A recent report by the National Low Income Housing Coalition has a pretty telling title: “Out of Reach 2018: California.”
When it comes to Santa Clara County specifically, the report documenting the gap between renters’ wages and the cost of rental housing appears to back up the claim.
In Santa Clara County, the hourly wage renters must earn to afford a modest zero-bedroom home without spending more than 30-percent of income on housing is $33, or $11.25 higher than the statewide hourly wage requirement, the report states.
A $75.81 hourly wage would be needed for a modest four-bedroom home in the county, or $24.02 higher than the state’s, the report said.
About 43-percent of the county’s residents are renters. If they happened to make state minimum wage of $11 per hour (in Santa Clara County, of course, the minimum wage as of July rose to between $12 and $13.25 per hour), the renter wouldn’t spend much time in their pricey home. He or she would have to work 120 hours per week.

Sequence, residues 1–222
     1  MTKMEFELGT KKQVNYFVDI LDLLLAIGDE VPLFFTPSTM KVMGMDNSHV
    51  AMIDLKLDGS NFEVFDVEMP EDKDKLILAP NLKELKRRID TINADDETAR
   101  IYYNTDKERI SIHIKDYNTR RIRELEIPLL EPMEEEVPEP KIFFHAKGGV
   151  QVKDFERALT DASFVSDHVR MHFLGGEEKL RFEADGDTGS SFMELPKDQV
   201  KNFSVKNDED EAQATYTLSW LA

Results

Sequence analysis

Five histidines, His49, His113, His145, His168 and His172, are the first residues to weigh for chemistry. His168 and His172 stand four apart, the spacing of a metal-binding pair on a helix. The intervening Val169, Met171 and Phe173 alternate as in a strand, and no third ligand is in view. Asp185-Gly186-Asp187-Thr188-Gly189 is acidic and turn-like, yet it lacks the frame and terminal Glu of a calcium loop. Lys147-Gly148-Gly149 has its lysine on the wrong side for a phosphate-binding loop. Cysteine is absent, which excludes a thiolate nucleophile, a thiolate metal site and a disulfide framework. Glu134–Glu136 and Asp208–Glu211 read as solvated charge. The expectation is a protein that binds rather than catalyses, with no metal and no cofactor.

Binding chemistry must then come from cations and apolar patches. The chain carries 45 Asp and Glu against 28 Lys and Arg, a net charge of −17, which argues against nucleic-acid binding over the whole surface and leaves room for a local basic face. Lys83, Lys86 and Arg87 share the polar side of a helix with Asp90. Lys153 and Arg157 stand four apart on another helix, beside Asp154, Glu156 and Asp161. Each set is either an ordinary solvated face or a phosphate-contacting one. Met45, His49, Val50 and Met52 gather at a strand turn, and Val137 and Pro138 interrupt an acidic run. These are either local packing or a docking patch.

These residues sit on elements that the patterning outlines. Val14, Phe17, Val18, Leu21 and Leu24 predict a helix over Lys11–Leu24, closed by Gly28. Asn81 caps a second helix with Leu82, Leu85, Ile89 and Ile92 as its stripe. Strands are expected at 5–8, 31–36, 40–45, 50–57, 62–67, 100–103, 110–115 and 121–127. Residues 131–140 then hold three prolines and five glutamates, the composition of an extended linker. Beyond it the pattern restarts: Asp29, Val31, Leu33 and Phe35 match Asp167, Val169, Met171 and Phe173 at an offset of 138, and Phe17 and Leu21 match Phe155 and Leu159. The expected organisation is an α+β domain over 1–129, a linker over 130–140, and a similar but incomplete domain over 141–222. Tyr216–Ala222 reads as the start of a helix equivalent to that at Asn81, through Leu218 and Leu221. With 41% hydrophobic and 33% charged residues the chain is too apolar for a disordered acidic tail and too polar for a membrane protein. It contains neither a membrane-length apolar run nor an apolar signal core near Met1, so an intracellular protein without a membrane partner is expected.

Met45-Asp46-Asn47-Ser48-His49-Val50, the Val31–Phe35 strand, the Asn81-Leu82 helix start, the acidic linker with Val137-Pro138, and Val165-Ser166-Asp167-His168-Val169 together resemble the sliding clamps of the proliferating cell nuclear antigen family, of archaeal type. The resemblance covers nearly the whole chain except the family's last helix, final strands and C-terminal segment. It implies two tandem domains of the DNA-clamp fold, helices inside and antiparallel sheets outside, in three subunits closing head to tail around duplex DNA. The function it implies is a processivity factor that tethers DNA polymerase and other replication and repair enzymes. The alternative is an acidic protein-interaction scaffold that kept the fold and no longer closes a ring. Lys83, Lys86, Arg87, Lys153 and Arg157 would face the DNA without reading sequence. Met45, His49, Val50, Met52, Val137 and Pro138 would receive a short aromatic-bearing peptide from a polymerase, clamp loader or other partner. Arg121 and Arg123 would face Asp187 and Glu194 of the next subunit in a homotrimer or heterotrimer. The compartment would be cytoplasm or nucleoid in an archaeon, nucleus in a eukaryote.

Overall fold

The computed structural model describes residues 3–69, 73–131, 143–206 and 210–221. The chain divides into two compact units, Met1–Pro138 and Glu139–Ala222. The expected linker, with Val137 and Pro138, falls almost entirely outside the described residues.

The report, which is based on HUD’s Fair Market Rent (FMR), focused on housing as a national problem, as renters nationwide earn an estimated hourly wage of about $16.88 but need $22.10 per hour to afford a modest, two-bedroom home.
The report is ultimately a call by the National Low Income Housing Coalition for affordable housing solutions, arguing that even people working middle-income jobs in communities most likely can’t afford to live there, too.
To view the report, go here. To view what the report’s figures mean, go here.